He rallied the Bulgarian army, now deprived of its Russian officers, to resist the Servian invasion, and after a brilliant victory at Slivnitza (November 19) pursued King Milan into Servian territory as far as Pirot, which he captured (November 27).
From the beginning, however, he treated the Italians, as indeed was only natural, less as rebellious subjects than as conquered aliens; and it must be admitted that in regard to them the only effective portion of his procedure was, not his energetic measures of repression nor his brilliant victories, but, after the battle of Legnano, his quiet and cheerful acceptance of the inevitable, and the consequent complete change in his policy, by which if he did not obtain the great object of his ambition, he at least did much to render innoxious for the Empire his previous mistakes.
As when a window is opened a whiff of fresh air from the fields enters a stuffy room, so a whiff of youthfulness, energy, and confidence of success reached Kutuzov's cheerless staff with the galloping advent of all these brilliant young men.
Her plan, while brilliant when plotted the past month, didn't seem quite so wonderful right now.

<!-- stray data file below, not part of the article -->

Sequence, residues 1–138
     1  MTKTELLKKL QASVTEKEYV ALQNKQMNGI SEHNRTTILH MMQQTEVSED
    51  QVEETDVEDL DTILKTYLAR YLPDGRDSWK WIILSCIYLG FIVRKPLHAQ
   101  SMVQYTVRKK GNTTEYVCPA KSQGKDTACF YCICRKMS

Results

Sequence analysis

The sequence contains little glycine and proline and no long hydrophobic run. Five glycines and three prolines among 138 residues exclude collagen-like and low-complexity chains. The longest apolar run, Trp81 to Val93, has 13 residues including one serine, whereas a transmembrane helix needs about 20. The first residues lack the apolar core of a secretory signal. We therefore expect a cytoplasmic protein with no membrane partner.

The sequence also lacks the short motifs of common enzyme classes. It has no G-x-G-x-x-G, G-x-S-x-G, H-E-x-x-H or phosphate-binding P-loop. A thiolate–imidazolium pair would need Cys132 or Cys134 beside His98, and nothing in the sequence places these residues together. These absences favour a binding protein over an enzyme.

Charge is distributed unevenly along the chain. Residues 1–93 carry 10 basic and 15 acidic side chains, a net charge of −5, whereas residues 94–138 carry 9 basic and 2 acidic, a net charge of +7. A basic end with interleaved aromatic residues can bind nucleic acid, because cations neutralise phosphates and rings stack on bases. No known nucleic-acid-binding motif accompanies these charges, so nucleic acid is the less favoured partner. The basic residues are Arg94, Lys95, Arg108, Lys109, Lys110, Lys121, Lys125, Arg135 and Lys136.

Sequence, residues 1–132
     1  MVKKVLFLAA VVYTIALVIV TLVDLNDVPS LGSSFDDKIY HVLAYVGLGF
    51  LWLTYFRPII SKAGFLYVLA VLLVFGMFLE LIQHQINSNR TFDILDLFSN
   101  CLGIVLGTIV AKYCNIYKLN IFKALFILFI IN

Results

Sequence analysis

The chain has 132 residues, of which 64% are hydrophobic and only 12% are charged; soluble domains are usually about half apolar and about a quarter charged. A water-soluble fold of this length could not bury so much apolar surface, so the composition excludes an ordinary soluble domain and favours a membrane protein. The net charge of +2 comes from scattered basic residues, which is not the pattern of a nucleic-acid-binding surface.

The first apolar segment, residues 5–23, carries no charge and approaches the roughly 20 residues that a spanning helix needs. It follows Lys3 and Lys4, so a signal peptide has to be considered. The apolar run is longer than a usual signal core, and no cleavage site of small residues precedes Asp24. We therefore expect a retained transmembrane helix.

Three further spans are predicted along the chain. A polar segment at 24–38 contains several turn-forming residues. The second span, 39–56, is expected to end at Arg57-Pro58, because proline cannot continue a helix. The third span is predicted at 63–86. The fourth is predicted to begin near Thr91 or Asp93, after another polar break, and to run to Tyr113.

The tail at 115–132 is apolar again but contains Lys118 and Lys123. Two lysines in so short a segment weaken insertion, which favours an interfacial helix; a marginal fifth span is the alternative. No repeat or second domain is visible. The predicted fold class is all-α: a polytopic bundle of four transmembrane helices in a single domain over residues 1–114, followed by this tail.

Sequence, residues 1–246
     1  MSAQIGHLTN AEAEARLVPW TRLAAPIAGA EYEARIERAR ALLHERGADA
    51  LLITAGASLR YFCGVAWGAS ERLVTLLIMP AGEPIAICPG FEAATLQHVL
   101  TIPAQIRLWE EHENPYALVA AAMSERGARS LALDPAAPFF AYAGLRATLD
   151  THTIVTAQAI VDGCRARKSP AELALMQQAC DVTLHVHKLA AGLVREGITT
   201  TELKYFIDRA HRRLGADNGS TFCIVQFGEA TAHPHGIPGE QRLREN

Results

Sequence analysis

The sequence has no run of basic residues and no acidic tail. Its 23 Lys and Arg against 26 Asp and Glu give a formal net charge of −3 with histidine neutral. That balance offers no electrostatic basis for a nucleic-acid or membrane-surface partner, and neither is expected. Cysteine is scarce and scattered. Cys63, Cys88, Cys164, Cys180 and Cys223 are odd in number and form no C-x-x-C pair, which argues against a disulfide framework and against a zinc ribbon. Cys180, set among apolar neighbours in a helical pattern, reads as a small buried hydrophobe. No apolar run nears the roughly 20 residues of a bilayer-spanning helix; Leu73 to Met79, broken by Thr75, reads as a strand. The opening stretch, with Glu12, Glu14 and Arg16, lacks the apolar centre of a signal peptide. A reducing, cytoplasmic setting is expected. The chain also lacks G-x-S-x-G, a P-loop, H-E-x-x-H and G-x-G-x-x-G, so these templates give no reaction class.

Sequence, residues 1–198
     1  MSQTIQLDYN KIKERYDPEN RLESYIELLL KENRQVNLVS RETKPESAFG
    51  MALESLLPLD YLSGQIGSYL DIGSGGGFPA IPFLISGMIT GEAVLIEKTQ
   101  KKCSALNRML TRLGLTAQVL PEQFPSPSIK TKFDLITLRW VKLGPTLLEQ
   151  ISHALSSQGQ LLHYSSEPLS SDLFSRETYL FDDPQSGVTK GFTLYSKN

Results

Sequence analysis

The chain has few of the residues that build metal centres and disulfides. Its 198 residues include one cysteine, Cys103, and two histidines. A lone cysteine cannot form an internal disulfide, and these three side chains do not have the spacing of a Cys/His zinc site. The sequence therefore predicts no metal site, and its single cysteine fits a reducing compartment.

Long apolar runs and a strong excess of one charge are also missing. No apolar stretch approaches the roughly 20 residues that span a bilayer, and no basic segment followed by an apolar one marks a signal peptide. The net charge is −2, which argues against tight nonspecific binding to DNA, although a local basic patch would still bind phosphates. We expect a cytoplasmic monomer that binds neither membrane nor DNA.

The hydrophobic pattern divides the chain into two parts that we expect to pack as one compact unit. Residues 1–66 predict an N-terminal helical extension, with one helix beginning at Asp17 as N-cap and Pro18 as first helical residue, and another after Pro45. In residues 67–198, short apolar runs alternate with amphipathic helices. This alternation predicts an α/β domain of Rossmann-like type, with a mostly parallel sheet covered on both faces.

This was accomplished by the convention of Trencsen (1335), confirmed the same year at the brilliant congress of Visegrad, where all the princes of central Europe met to compose their differences and were splendidly entertained during the months of October and November.
Dolokhov was a suitable and in some respects a brilliant match for the dowerless, orphan girl.
Above the Kolocha, in Borodino and on both sides of it, especially to the left where the Voyna flowing between its marshy banks falls into the Kolocha, a mist had spread which seemed to melt, to dissolve, and to become translucent when the brilliant sun appeared and magically colored and outlined everything.
Stas, that we find the most brilliant and vigorous verification of these laws, and therefore of the atomic theory.
The king himself was indeed a semi-idiot, scarce responsible for his actions, yet his was the era of such striking personalities as the brilliant charlatan Struensee, the great philanthropist and reformer C. D.
From 1860 to 1870 he was professor of history at the faculty of letters at Strassburg, where he had a brilliant career as a teacher, but never yielded to the influence exercised by the German universities in the field of classical and Germanic antiquities.